CG Fluid R&D Breakthu:
Fusion CI Studios develops hyper real fx for hi-speed macrophotography style cg fluids
CG fluid, especially "SPH" fluid (smoothed particle hydrodynamics), suffers from inaccurate physics at the microscopic level, at the scale of individual particles making up the fluid. Even when simulating with very large particle numbers, this becomes a major problem wherever the fluid becomes splashy since it forms thin sheets and strings -- or rather, it should form thin sheets and strings, like we see in real water. Hi-speed macrophotography of fluid spashes classically show how delicate, impossibly thin and continuous sheets of fluid fly thru the air and stay coherent for prolonged periods. These produce tiny droplets and hair-like strings of fluid from their margins but otherwise hold together for a long time, before they eventually and suddenly burst apart. CG fluids on the other hand always break apart immediately, forming very unattractive and distinctly un-real cheese-like holes and webbing, never holding together in thin sheets. This has generally been the limit of CG fluid applications, and is what drives studios to have expensive table-top practical shoots, since CG fluids simply haven't been able to reproduce the very particular small-scale features of real fluids -- until now.
The movies below show recent r&d results from Fusion CI Studios that demonstrate a new technology for controlling the breakup of cg fluid, allowing us to simulate exceedingly thin, naturally organic fluid splashes.
This is what typically happens with cg fluids when you try to form thin sheets. In this sim we emit a thin sheet of fluid and bend it into a circular flow using a simple vortex force. It develops holes and breaks apart into small clusters of particles almost immediately.
When we apply our new dynamic hole-filling technology, the fluid stays as a fully coherent sheet for as long as we want. No holes! The method hunts for holes as they start to form, and fills in the gaps with new fluid. The key to this working is that the fluid insertion is done very precisely, so the simulation stays extremely stable.
How effective and how stable is this? We tried to break it -- we simulated a fluid sheet being bashed violently by noise forces. This movie shows the meshed fluid, with almost no holes and running entirely stably.
Now let's take it a step farther. Here's 3 splashes, similar to classic hi-speed photography elements of water or paint. They form thin sheets and we add tiny streamers off their edges. Compare these to splashes of paint shown on stock element sites such as Getty Images. In the right-most element, we've applied randomness controls on the streamers and turn down the efficiency of the hole-infilling at different times for the inner sheet of the splash versus the outer streamers, so they break apart at different times (streamers first, then the sheet).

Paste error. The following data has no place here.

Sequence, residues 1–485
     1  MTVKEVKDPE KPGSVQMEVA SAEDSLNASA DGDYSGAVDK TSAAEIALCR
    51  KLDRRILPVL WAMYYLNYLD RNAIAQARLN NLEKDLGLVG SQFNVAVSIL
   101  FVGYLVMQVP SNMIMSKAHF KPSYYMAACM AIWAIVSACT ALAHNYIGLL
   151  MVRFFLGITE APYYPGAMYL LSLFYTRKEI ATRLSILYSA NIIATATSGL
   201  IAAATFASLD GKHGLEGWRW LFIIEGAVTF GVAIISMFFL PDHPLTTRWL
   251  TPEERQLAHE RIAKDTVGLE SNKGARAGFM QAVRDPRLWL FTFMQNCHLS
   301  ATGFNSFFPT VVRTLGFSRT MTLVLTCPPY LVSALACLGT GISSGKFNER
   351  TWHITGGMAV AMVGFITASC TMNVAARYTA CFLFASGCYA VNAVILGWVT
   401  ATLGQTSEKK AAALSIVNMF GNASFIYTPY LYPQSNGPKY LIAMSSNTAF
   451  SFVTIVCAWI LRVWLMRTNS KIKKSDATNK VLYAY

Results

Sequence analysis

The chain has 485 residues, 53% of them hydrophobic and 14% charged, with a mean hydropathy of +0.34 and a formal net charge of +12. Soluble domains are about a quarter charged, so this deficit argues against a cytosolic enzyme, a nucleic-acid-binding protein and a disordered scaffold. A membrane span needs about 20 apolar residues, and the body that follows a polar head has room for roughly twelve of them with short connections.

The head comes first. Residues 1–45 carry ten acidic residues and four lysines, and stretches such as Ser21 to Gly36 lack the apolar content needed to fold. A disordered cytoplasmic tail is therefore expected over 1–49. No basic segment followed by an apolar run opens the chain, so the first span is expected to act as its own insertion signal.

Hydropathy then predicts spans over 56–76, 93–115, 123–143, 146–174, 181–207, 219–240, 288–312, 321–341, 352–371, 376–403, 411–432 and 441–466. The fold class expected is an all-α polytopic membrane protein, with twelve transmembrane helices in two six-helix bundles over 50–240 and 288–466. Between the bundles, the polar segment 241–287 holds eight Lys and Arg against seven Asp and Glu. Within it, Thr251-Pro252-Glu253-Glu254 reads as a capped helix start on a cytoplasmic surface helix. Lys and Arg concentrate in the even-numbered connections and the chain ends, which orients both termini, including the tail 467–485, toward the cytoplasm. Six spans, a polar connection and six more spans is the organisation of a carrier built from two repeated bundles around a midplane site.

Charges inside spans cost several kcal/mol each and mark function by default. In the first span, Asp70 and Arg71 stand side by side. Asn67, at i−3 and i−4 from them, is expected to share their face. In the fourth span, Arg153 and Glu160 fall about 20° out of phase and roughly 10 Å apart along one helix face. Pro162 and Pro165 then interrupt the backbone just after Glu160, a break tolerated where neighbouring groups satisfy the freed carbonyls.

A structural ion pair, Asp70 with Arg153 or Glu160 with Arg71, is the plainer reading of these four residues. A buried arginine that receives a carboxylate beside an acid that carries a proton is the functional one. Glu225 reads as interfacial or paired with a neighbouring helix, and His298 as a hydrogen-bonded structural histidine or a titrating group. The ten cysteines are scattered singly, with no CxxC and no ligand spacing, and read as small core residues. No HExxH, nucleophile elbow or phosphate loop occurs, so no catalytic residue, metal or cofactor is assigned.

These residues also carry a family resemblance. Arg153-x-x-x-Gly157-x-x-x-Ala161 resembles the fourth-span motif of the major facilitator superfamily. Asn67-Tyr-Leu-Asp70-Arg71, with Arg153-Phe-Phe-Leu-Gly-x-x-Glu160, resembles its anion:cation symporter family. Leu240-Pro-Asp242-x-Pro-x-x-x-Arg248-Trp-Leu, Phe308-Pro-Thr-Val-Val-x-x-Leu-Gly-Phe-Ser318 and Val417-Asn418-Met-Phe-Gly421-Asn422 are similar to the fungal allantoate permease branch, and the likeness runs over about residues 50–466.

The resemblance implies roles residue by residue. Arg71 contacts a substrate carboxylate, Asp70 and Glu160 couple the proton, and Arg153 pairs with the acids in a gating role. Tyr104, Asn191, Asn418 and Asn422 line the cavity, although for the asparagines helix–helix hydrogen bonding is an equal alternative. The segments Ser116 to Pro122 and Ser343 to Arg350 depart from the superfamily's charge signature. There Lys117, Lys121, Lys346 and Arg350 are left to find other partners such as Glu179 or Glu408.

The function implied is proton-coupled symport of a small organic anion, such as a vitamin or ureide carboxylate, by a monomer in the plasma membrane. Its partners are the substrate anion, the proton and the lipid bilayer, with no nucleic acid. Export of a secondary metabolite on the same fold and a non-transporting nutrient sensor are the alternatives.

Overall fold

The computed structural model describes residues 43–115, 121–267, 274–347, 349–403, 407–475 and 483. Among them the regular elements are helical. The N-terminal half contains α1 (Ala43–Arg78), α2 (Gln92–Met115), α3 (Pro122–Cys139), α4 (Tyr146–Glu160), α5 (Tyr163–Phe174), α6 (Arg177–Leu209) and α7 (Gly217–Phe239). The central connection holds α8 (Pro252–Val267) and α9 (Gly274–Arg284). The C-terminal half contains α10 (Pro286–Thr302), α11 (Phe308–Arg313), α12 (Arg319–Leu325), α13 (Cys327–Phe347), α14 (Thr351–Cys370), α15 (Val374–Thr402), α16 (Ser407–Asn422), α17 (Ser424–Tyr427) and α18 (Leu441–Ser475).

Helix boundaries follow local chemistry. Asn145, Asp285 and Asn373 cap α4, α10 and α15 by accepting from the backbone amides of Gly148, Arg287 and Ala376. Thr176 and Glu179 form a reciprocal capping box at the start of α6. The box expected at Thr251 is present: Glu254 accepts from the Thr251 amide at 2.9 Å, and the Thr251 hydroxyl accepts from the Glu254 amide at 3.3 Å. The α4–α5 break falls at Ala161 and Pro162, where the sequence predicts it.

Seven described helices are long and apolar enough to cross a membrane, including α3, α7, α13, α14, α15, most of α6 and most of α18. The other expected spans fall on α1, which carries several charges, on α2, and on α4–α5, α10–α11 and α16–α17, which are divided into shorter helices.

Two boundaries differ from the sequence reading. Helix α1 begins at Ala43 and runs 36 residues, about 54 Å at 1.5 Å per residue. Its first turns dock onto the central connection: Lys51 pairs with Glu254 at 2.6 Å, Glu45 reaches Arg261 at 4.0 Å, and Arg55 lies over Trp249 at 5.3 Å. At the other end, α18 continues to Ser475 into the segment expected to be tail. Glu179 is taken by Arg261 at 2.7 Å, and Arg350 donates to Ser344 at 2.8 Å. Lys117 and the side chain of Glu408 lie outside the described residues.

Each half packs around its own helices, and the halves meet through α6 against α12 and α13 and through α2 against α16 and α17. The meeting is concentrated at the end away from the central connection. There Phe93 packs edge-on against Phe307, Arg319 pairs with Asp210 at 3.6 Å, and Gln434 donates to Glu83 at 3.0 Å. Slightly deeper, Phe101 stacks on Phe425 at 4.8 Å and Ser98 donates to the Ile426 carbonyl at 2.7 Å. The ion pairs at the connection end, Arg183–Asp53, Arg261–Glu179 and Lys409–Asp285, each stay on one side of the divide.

These splashes are very delicately structured, down to the smallest level of detail available to the simulation -- the streamers and the sheet of fluid are all just 1 layer of particles thick. Since we can simply set the size of particles, this means we can make the fluid sheets as thin as we want. There's no jerky motions due to the pollyfilla process, it's as smooth as silk.
Just to emphasize that the results are very high quality visually, the link above is an example of one of the splashes meshed and ready for render. The mesh is smooth and shows no signs of jitter during motion. The smorganic process is turned off toward the end, allowing the SPH fluid to do what it usually does: break up. This was done to emulate the catastrophic disruption of such thin fluid sheets, that happens in nature when surface tension forces finally take over the fluid motion. We helped the disruption along by kicking the fluid with a strong noisy force field.
The image below is a render of a simulation of pouring "honey", where we've set smorganic to disallowo any holes in the fluid. The results show the smoothness of the resulting meshes despite the high-spec, high-refractive nature of the shader and lighting, and despite a hard impact with a rigid body.
Fusion CI Studios specializes exclusively in photo-real CG fluid and particle fx, providing their clients with fluid fx team supervision, tool & pipeline development, fluid assets and/or rendered images for commercials and film. Fusion collaborates with vfx studios around the world to create the fluid assets they need for their commercial or film projects. And in these tough economic times, that makes great fiscal sense for studios who want to offer their clients outstanding fluid & particle effects, but don’t want to invest in the talent and infrastructure required to do so.